John Bradford? George Whitfield? John Newton? Sherlock Holmes? Philip Neri? Dwight Moody? Apocryphal?
Dear Quote Investigator: A deeply religious individual once saw a man being led to the gallows and said:
There but for the grace of God, go I.
In modern times, this proverbial phrase is used to express empathetic compassion and a sense of good fortune realized by avoiding hardship. A version has been ascribed to the preacher John Bradford who died in 1555:
There but for the grace of God, goes John Bradford
But the earliest citation I have seen was published in the 1800s. A similar story has been told about others including John Newton and Dwight Moody. Is there earlier support for the existence of this saying?
Quote Investigator: In 1771 a sermon was delivered in Kidderminster, England about a man who had been robbed and murdered. The criminal had been apprehended, tried, and executed. The preacher mentioned John Bradford and presented a somewhat clumsy and lengthy version of the saying. Boldface has been added to excerpts: 1
…when Mr. Bradford, an eminent martyr, in the bloody reign of Queen Mary, saw a malefactor going to Tyburn, he humbly adored the distinguishing grace of God, ‘to which says he, it is entirely owing, that John Bradford is not in that man’s condition.’
The passage above matched the modern version because it included two key elements. Bradford invoked the grace of God, and he indicated that he might have been substituted for the malefactor, but the phrasing was quite different. This was the earliest match located by QI, and it was published more than two hundred years after the death of Bradford. Of course, future research may antedate this citation.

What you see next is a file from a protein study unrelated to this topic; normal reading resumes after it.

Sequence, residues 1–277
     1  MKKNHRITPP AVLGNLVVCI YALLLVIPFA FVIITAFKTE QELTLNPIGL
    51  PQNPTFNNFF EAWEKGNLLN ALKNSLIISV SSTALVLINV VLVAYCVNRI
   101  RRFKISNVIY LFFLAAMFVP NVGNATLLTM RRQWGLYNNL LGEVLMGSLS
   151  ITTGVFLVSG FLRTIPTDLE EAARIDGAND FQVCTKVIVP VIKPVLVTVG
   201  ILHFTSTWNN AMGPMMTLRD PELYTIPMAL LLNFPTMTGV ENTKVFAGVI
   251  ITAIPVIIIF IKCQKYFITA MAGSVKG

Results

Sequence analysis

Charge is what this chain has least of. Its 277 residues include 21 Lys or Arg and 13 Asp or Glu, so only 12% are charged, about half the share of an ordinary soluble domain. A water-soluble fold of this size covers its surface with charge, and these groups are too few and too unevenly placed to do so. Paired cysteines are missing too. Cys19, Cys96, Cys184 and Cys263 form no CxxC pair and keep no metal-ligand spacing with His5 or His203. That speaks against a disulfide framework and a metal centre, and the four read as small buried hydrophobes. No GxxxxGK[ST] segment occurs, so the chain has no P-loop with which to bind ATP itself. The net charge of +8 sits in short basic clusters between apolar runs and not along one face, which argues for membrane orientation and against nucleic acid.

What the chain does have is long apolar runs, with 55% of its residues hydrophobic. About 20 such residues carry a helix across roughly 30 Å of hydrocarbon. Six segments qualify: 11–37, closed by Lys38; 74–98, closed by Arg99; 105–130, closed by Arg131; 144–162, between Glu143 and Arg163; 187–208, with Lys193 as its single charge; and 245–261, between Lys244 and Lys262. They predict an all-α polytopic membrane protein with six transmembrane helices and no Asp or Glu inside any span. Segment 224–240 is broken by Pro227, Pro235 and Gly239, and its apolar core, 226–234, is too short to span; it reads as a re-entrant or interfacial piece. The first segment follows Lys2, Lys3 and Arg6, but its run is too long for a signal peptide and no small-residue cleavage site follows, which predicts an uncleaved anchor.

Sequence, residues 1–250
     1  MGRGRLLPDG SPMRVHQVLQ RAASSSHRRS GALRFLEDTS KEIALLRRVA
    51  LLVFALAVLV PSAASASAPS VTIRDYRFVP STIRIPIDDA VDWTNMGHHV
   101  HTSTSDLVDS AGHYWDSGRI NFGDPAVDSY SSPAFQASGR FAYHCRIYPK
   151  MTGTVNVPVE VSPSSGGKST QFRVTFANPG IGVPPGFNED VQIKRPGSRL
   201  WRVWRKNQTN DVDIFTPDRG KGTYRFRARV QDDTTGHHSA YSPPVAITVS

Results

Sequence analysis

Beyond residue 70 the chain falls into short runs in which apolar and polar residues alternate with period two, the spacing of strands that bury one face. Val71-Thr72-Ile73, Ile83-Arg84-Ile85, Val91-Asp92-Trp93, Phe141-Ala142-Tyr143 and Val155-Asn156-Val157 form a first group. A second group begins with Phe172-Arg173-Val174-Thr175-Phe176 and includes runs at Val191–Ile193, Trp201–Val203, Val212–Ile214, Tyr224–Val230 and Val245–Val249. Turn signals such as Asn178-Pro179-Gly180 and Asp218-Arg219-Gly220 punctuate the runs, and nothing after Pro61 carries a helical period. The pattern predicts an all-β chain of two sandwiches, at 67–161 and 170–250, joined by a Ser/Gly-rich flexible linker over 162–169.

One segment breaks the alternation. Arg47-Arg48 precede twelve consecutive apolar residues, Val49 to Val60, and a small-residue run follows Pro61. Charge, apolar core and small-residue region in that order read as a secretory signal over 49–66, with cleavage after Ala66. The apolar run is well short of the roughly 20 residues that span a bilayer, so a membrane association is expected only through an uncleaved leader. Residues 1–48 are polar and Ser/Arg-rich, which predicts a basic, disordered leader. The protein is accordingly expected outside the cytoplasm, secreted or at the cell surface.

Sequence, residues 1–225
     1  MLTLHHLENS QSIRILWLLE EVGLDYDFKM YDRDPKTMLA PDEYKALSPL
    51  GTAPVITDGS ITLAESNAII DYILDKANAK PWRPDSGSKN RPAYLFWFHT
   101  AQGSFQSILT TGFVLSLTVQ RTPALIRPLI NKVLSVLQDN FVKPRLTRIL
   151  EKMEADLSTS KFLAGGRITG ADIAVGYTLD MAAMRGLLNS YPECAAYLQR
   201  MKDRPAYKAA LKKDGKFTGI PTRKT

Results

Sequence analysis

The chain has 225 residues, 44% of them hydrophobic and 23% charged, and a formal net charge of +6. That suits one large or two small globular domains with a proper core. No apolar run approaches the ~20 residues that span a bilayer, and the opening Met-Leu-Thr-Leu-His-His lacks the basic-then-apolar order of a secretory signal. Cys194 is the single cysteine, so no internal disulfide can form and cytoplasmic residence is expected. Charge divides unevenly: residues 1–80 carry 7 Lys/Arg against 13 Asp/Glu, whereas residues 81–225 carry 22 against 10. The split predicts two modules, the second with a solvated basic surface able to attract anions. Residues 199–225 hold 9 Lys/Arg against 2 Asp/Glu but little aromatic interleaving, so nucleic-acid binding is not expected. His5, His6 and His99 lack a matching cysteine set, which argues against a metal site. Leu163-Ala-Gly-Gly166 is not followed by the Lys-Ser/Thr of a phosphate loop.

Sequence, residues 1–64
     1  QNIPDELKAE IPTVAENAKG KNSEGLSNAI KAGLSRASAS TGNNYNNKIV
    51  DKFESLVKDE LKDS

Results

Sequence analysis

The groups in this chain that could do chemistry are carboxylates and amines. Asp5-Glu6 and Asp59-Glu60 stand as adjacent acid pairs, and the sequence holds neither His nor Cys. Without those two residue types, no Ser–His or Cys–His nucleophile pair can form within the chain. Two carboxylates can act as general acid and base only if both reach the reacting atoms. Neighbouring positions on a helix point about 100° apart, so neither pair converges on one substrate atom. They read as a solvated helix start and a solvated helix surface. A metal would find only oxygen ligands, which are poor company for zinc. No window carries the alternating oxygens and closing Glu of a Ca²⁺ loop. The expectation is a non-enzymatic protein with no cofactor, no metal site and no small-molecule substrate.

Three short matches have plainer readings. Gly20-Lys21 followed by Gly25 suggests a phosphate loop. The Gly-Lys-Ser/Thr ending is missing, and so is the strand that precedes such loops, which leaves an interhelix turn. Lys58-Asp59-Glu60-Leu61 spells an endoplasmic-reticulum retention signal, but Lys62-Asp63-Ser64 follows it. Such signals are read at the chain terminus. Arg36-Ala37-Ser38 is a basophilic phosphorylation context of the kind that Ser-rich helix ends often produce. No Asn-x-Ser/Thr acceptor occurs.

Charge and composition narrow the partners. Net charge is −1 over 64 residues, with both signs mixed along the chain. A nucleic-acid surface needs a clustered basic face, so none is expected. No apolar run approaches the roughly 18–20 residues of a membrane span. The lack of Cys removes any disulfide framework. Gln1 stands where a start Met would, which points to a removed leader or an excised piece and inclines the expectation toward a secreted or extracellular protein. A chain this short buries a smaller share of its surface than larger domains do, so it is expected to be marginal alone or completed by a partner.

In 1774 a more concise instance of the saying was spoken during a sermon delivered at the Parish Church of St. Anne, Black-Friars, London. The phrasing still differed from the modern instance, but it moved closer: 2
I have heard, or read, concerning that excellent Dignitary of the Church of England, Mr. John Bradford (who was also burned for adhering to her Doctrines), that, one Day, on seeing a Malefactor pass to Execution, he laid his Hand to his Breast, and lifted his Eyes to Heaven, saying, “Take away the GRACE of God, and there goes John Bradford.”
Here are additional selected citations in chronological order.
- 1771, Murther lamented and improved: Sermon Preached at Kidderminster, June 16, 1771. On Occasion of the Death of Mr. Francis Best, Who was Robbed and Murthered by John Child, on Saturday, June 8, by Benjamin Fawcett, Quote Page 14, Shrewsbury: Printed by J. Eddower, and sold by J. Buckland, Pater-noster-Row, London. (Google Books Full View) link ↩
- 1775, Free Will and Merit fairly examined: or Men not their own Saviors: The Substance of a Sermon Preached in the Parish Church of St. Anne, Black-Friars, London On Wednesday, May 25, 1774 by Augustus Toplady, Vicar of Broad Hembury, (Footnote split across two pages), Quote Page 24 and 25, Printed for J. Mathews, in The Strand, London. (Google Books Full View) link ↩